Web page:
As the nonmoving party, reviewing all facts and reasonable inferences in his favor, Wesson claims that he has met his burden of showing that there is substantial evidence in the record to support a prima facie case of a contract of permanent employment under Alabama law.   In support, Wesson argues that the Supreme Court of Alabama, in Birmingham-Jefferson County Transit Authority v. Arvan, 669 So.2d 825(Ala.1995), articulated a three-prong test to determine if an employment contract is one other than terminable at will.6  Wrote the Alabama court:

[T]hree elements must be shown to establish that an employment contract is not terminable at will:  (1) that there was a clear and unequivocal offer of permanent employment, i.e., lifetime employment or employment of a definite duration;  (2) that the hiring agent had the authority to bind the principal to a permanent employment contract;  and (3) that the employee provided substantial consideration for the contract separate from the services to be rendered.

Id. at 827 (emphasis added).

Wesson asserts that the oral representations made in 1983, by Mr. Huntsman and Rasband, as Huntsman agents, taken in the context of employment negotiations, clearly created an unequivocal offer of permanent employment and satisfy the first element of Birmingham-Jefferson County.   As to the second element, Wesson contends that Mr. Huntsman and Rasband, as the two highest ranking Huntsman executives, had obvious authority to contractually bind the principal company, satisfying the second element of Birmingham-Jefferson County.   Finally, Wesson claims that he furnished consideration over and above going to work for Huntsman, as he left an eighteen-year secure employment with Shell to work for Huntsman, at the time an unknown entity in the chemical industry.7

2. Huntsman

Huntsman claims that the issue of lifetime employment was secondary, “almost [a] throw-away claim” to Wesson's ADEA claim, touted by Huntsman to be the centerpiece of Wesson's complaint.   It contends that lifetime employment claim is based only upon the following Wesson deposition testimony:

A.  And then [Mr. Huntsman] told me that they needed me.   They wanted me on board, that I had skills and talents, that I had done an excellent job with Shell and that I had been handpicked to be on the transition team and he was hand picking me to become a permanent employee of Shell-I mean of Huntsman.   And that he felt that I would do a good job, that I would wear more hats than any hats I had ever worn in Shell.   I would have more responsibility than I ever dreamed possible in Shell and I would have the adequate authority to go with that responsibility.   And I would be able to make decisions that I couldn't even dream of making within the Shell organization.   And that if I came on board with him, I would never regret it as long as I lived.   And he would be forever grateful indebted to me for making what he considered from my standpoint a rather high risk opportunity ․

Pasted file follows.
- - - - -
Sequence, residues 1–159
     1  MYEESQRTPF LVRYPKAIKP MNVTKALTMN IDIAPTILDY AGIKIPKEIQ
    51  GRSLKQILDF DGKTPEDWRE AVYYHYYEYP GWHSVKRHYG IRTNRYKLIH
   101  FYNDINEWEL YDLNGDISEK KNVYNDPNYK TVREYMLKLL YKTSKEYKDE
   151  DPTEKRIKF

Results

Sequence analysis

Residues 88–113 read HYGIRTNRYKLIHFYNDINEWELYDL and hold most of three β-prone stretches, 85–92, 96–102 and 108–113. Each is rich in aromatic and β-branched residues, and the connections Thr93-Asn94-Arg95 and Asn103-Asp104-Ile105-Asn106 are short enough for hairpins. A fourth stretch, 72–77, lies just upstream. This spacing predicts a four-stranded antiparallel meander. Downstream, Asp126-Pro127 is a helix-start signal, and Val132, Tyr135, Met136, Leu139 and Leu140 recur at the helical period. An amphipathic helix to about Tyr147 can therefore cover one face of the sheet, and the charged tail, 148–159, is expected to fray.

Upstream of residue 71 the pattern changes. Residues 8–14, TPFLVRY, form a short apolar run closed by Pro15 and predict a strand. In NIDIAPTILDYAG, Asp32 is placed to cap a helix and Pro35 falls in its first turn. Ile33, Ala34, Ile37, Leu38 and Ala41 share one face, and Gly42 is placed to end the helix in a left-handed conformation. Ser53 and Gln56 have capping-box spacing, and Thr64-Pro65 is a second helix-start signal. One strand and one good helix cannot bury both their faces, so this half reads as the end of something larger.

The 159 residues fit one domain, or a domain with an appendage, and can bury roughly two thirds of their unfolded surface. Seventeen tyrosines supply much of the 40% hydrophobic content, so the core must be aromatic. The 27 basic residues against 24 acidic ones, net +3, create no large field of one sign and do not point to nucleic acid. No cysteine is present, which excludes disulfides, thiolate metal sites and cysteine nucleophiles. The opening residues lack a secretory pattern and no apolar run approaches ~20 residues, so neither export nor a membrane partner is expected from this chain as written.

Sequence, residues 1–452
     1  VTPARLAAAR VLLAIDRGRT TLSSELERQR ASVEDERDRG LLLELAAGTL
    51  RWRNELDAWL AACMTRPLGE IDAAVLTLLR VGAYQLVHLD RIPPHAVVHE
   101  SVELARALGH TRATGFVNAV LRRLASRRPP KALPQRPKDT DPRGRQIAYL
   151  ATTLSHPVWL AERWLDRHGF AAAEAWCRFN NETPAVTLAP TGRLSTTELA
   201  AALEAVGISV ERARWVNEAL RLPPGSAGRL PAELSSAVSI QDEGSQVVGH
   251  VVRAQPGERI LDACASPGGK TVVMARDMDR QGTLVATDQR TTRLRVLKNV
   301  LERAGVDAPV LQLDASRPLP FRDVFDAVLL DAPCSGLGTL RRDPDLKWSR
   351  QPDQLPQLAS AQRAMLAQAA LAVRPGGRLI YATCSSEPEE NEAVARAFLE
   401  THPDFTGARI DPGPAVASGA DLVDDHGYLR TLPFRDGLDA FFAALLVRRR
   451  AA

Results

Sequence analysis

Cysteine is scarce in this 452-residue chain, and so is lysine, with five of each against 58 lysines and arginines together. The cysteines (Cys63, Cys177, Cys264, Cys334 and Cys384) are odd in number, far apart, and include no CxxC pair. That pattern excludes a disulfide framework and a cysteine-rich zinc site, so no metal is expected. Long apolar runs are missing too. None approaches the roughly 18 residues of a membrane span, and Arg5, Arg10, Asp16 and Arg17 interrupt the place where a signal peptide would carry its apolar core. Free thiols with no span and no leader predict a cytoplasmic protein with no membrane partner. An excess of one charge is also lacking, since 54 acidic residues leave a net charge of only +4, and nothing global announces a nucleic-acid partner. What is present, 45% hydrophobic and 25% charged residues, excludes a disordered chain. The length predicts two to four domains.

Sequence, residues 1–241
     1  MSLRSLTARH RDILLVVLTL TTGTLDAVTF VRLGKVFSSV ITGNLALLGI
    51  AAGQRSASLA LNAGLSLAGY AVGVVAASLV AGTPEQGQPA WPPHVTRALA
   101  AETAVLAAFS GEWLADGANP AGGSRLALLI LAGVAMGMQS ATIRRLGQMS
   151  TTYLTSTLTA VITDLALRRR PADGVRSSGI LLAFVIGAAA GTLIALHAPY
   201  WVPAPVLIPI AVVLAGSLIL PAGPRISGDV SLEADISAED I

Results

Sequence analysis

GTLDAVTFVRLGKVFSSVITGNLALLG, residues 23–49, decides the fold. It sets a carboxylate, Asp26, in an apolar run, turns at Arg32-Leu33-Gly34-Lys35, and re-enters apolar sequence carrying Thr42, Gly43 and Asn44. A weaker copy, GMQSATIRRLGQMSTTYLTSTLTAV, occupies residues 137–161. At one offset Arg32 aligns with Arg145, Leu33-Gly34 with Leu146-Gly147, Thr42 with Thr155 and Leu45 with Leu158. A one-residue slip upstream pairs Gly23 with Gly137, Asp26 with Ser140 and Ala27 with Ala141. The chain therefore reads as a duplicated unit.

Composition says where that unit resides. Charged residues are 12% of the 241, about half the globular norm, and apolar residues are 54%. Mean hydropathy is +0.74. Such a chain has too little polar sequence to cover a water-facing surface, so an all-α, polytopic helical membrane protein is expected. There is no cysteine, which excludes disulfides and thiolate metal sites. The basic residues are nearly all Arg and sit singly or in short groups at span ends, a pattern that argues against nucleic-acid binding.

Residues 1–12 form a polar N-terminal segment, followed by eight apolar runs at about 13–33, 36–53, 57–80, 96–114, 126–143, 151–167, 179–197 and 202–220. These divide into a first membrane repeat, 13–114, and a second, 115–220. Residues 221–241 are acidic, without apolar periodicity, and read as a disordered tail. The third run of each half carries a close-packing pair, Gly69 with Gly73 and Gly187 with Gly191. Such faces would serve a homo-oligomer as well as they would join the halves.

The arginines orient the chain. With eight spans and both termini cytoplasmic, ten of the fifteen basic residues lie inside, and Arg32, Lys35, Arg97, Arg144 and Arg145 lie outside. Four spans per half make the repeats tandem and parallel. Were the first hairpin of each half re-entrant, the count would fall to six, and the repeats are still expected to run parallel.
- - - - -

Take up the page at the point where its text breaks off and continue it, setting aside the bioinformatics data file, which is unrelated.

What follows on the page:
A.  Jon Huntsman told me that, as I have already stated, that I would wear these hats.   I would have these responsibilities, I would have authority to go with the responsibilities.   We were going to grow a company that would stagger the imagination of the industry ․

A.  He said that my concern was the least of the concerns that I should have, and that as long as he had a company I will always have a job with Huntsman.

Q. As long as he had a company.   Is this sum and substance of what he said or is that a quote?

A.  That's basically a quote.

(Emphasis added.).

These statements, Huntsman argues, are not the clear and unequivocal evidence necessary under Alabama law to support a claim for an oral contract of lifetime employment. Birmingham-Jefferson County, 669 So.2d at 827.   Under Alabama law, an employee claiming an oral contract for lifetime has a particularly “heavy burden of proof” as these contracts are extraordinary and not lightly to be implied.  Alabama Mills, 186 So. at 704;  Howard v. Wolff Broadcasting Corp., 611 So.2d 307, 310-11 (Ala.1992);  Chastain v. Kelly-Springfield Tire Co., 733 F.2d 1479, 1484 (11th Cir.1984).   Huntsman argues that the alleged remark made by Mr. Huntsman was too vague and indefinite to support an extraordinary claim for a lifetime contract.

Huntsman contends that it is also telling that Wesson made his own notes, both on the written offer of employment and on a separate piece of paper.   No part of those notes and no aspect of the written offer refers to or suggests any term of employment or a guarantee of lifetime employment.   In other words, Huntsman asserts, none of the remarks alleged to be made by Mr. Huntsman were made in a contractual context.

As to consideration, Huntsman claims that giving up existing employment with Shell does not satisfy the sufficient, independent consideration element of Birmingham-Jefferson County.   See Orsini v. Trojan Steel Corp., 219 S.C. 272, 64 S.E.2d 878, 880 (1951).   Also, Wesson did not surrender anything to work for Huntsman, and not Shell, as he received substantial additional benefits, i.e. comparable employee benefits and a $17,000.00 signing bonus.8

C. Analysis 

 In this diversity appeal, we look to Alabama law to determine whether Wesson has met the “heavy burden of proof to establish that [his] employment relationship is other than ‘at will.’   The law [of Alabama] considers lifetime or permanent employment contracts to be extraordinary and not lightly to be implied.”  Howard, 611 So.2d at 310-11 (citing Alabama Mills, 186 So. at 704).   The presumption exists in Alabama that an employment relationship of indefinite duration is “at the will of either party.”  Wright v. Dothan Chrysler Plymouth Dodge, Inc., 658 So.2d 428, 430 (Ala.1995).

 Under the three-prong test of Birmingham-Jefferson County, Wesson must establish that he received:  (1) a clear and unequivocal offer of lifetime or permanent employment;  (2) that the hiring agent(s) had the authority to bind Huntsman to a permanent employment contract;  and (3) that he provided substantial consideration for the contract separate from the services to be performed.  Birmingham-Jefferson County, 669 So.2d at 827.   With this said, however, in the context of this summary judgment appeal, we view all facts and reasonable inferences in the light most favorable to Wesson, the non-moving party.  Allison, 184 F.3d at 1306.